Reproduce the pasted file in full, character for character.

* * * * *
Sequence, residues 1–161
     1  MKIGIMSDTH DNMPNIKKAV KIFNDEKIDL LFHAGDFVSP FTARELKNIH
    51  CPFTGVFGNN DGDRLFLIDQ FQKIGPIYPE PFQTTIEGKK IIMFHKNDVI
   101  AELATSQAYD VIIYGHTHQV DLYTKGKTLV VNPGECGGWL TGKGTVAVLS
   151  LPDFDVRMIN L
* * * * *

Sequence, residues 1–161
     1  MKIGIMSDTH DNMPNIKKAV KIFNDEKIDL LFHAGDFVSP FTARELKNIH
    51  CPFTGVFGNN DGDRLFLIDQ FQKIGPIYPE PFQTTIEGKK IIMFHKNDVI
   101  AELATSQAYD VIIYGHTHQV DLYTKGKTLV VNPGECGGWL TGKGTVAVLS
   151  LPDFDVRMIN L